Readers Blog: Volcanoes’ effects on changes in our climate

From studies of history and geology, it is clear that what we now call Ireland experienced cycles of climate change. We have rocks that formed under tropical seas and others formed in hot deserts. We are not a million years away from what we call the Ice Age. Most of our present-day soils were formed from rock debris laid down during and after that period. Over the last 2,000 years, there have been warm periods and mini ice ages.

Readers Blog: Volcanoes’ effects on changes in our climate

From studies of history and geology, it is clear that what we now call Ireland experienced cycles of climate change. We have rocks that formed under tropical seas and others formed in hot deserts. We are not a million years away from what we call the Ice Age. Most of our present-day soils were formed from rock debris laid down during and after that period. Over the last 2,000 years, there have been warm periods and mini ice ages.

An example of the latter occurred in Shakespeare’s time, when he wrote “When icicles hang by the wall”.

Prophets of doom now say that our climate is changing rapidly — and for the worse. Ten successive summers, with their unusually bad and wet weather, give this some credence. I would have agreed our mean temperatures are on the increase were it not for the extreme cold in early 2010, when icicles, again, hung by the wall.

We are being told we must save our planet and put a brake on climate change by banning the burning of

fossil fuels. Irish farmers are accused of keeping too many methane-producing cattle. We are all made to feel guilty about some “wrongdoing”. We cannot win, it seems.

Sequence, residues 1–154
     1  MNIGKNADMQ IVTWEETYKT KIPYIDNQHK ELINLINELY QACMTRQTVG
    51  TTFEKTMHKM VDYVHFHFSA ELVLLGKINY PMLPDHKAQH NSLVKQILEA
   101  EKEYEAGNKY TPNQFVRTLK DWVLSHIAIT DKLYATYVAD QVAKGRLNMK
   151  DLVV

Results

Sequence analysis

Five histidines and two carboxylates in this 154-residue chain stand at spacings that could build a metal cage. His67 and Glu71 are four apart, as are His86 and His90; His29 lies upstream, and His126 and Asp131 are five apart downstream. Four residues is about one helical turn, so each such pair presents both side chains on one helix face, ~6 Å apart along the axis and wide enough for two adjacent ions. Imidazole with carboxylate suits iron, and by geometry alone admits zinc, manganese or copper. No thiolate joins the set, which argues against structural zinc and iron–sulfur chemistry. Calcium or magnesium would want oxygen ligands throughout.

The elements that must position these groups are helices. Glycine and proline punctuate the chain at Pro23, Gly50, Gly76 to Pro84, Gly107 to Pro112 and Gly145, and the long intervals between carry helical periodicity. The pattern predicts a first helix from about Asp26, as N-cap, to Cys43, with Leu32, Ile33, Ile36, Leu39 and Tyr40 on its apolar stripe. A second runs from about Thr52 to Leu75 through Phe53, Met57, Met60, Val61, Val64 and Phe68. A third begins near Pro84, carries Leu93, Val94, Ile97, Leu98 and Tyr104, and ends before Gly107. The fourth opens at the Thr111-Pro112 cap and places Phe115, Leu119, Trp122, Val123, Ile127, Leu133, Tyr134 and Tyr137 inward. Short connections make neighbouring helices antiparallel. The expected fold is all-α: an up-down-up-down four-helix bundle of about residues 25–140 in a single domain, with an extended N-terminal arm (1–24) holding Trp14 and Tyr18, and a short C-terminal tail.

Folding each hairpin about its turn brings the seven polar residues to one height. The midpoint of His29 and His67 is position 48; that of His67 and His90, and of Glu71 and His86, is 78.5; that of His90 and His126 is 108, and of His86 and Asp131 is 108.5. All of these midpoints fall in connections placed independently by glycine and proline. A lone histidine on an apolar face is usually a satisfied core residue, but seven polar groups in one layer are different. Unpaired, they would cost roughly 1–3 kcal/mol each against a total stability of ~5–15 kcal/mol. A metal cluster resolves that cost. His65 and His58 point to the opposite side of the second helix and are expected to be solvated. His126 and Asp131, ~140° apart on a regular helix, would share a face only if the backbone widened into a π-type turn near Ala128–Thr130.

What if there is another perfectly logical reason for climate change? In the following argument, I take my cue from an RTÉ TV programme called Secrets of the Stones. It claimed that a major catastrophic event occurred in the year 536. It changed the climate and shook the faith of the Celts in their ancient pagan gods of nature. There is definite evidence, in polar ice-caps and in very old trees all around the world, that a massive volcanic eruption on the far side of the world sent a veil of volcanic dust around the world.

The sunlight was blocked out and, for the following nine years, temperatures dropped rapidly. Plants stopped growing and there was starvation and famine. The Celts felt abandoned by their gods and quickly adopted Christianity.

In the year 2010, did not volcanic ash coming from a big volcano in Iceland stop many plane flights in the North Atlantic? Are our present bad summers not linkable to that big eruption? Therefore, I argue that there are bigger reasons for climate change than burning fossil fuels and emissions from cattle.

Cllr Des Guckian

Dromod

Co Leitrim

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